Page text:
‘Twin Towers’ looking to rise even higher

by Kaz Nagatsuka

While Japanese basketball may be floundering, there’s still some hope at the individual player level. This was demonstrated in the just wrapped-up All-Japan Championship (Emperor’s Cup) 2009 final.

The identical twin Takeuchi brothers — Kosuke of the Aisin Sea Horses and Joji of the Hitachi Sunrockers — are now among the most recognized players in the nation. Playing in just their second season in the Japan Basketball League, the brothers have been basketball celebrities since playing for Rakunan High School, Kyoto’s perennial powerhouse, where they won a national title.

But the 205-cm brothers, who were known as “The Twin Towers” during their high school days, aren’t getting attention just because of their height. Still just 23, Kosuke and Joji are steadily, if not rapidly, acquiring strong overall skills as well as confidence.

In the past, they tended to rely on scoring from the inside, taking advantage of their superior size.

Now they’ve obtained a soft shooting touch for big men, and often take — and make — shots from beyond the 3-point arc.

Also, their defensive ability plays an integral role in their games. For instance, Monday’s final, which the Sea Horses won 65-48, became a defensive-minded game as both clubs played hard-nosed defense and the brothers played effectively.

Fortunately, or ironically, Kosuke and Joji had to match up against each other for many minutes in the contest.

In the end, Kosuke left the court with a satisfied grin as his Sea Horses grabbed the title, and Joji walked off with a bitter smile.

“I was going to play defense as if I’m going to foul,” Kosuke said of his defense against his brother. “But I didn’t get called for fouls much and he seemed so frustrated.”

Aisin coach Kimikazu Suzuki complimented Kosuke for his stellar performance in the final, saying, “He did his job for us cleverly. He’s really grown up.”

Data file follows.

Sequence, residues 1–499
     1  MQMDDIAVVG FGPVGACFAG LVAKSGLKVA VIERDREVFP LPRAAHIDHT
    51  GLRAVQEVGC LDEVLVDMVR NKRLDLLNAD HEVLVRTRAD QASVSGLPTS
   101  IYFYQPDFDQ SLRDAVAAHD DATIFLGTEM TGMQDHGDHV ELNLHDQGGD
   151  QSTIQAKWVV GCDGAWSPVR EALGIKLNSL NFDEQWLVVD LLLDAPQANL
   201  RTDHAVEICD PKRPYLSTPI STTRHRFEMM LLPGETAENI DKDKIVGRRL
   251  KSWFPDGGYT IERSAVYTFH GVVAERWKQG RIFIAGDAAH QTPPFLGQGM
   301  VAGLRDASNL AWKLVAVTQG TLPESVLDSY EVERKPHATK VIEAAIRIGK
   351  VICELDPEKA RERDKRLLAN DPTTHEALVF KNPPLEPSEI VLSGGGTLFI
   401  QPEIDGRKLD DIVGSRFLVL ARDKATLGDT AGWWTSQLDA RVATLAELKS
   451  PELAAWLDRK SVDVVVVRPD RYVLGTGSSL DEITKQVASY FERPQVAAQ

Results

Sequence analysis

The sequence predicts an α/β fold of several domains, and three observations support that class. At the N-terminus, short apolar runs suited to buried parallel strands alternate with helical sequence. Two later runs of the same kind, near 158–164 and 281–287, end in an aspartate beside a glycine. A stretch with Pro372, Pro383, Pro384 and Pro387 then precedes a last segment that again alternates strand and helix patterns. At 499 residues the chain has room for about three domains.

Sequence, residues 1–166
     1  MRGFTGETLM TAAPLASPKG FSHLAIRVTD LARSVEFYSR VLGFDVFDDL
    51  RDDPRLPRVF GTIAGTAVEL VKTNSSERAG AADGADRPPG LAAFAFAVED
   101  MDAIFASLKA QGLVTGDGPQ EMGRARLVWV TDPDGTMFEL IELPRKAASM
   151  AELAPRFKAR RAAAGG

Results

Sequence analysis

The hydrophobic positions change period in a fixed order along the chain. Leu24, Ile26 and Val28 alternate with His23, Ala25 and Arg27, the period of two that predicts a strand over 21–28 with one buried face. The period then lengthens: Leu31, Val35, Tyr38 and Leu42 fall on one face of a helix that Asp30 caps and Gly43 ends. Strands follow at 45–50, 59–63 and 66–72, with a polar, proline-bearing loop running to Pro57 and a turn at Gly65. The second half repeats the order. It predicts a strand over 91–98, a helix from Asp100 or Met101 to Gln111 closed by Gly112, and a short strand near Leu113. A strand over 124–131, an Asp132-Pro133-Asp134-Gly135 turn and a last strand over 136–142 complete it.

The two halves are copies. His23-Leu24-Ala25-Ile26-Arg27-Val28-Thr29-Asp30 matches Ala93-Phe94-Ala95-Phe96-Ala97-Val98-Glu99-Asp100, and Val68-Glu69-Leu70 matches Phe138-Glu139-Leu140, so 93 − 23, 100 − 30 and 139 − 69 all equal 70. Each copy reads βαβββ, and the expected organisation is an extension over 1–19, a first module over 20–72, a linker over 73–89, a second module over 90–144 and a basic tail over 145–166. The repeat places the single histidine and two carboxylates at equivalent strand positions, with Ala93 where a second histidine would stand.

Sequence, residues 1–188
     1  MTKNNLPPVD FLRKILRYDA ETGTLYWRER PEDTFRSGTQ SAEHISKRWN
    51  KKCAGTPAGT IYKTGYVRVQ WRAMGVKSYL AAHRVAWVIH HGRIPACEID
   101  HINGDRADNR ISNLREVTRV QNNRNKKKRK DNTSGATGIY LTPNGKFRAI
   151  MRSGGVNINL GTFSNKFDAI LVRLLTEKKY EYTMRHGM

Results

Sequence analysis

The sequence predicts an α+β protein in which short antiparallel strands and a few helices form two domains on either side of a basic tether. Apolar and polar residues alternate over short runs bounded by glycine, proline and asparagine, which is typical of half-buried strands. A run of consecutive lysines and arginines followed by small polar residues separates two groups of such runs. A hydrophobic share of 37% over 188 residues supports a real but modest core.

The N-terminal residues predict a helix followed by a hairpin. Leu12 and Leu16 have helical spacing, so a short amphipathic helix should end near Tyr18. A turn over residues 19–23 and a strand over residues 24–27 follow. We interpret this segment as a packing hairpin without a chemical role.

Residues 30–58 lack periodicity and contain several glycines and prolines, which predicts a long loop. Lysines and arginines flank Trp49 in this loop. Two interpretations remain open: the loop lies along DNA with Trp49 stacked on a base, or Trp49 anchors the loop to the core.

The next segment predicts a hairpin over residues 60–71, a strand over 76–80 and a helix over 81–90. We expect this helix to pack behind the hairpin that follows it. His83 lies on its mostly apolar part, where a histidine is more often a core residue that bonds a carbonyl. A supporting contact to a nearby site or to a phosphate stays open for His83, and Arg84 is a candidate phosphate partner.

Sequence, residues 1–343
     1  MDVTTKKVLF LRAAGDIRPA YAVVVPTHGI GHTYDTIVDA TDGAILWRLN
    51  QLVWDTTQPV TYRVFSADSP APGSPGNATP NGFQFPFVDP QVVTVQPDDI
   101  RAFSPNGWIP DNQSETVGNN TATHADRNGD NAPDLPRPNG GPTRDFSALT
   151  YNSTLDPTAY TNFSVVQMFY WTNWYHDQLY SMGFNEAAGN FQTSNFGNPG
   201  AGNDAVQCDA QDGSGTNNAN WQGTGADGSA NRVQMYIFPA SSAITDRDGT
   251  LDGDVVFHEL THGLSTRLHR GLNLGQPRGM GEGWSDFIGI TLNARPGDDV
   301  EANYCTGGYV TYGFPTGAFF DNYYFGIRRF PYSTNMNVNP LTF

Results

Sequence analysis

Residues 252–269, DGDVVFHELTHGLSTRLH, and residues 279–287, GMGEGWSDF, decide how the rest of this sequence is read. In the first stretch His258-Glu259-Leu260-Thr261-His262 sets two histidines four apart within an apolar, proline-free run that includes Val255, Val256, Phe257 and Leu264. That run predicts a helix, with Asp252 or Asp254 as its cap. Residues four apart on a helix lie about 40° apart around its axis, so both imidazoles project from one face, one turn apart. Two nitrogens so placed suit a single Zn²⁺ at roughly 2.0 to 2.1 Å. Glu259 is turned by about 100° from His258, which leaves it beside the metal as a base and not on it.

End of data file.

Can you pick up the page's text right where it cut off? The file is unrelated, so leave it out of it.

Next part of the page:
Last summer, Kosuke and Joji both went to the United States to participate in a summer league looking to gain experience which would help them elevate their game to the next level.

One of the chief benefits Kosuke feels he received this year is that he’s gotten stronger mentally and can enter the game more psyched up.

“We (Aisin) played in the final (of the All-Japan Championship) last year, but I couldn’t do anything although we won the title,” Kosuke said. “That was so vexing for me, and I didn’t want to do that this year. So I could play pretty comfortably.

“I think I’m making progress. That I went to America during the summer has made me tougher mentally, too.”

Meanwhile, despite having made some key shots during Hitachi’s second-half rally, Joji felt a sense of guilt for not having led the Sunrockers to their first Emperor’s Cup title.

“I have to be the foundation for the team, otherwise we can’t win,” Joji said, hanging his head in disappointment. “At the end of the day, I was completely held and that made the whole team out of joint.”

Actually Joji outscored his brother 13-11 and had more blocked shots (three) than Kosuke (one). Kosuke, who is a big admirer of Boston Celtics star Kevin Garnett, had 13 rebounds and a 3-pointer, while Joji grabbed 10 boards and hit two 3-pointers. In addition, Joji’s talent is not short of Kosuke’s.

Joji, who is a fan of Cleveland Cavaliers big man Ben Wallace, was selected to the All-Japan Championship team along with Kosuke. Aisin’s Shinsuke Kashiwagi and J.R Sakuragi and Toyota Motors Alvark’s Takuma Watanabe were the other selections.

“Everybody knows that he’s the mainstay of this team, and he’s the guy who I want to play for 40 minutes,” Hitachi coach Shuji Ono said of Joji. “I hope he’s not a player that finishes within Japan but aims (to play) in front of the world. He went to the States before the season and gained experience. I want him not to forget the occasion and to be a player that can play his game no matter who he faces.”

The same sentiment could be expressed for Kosuke. After all, identical twins are remarkably similar — even if they play for different basketball teams.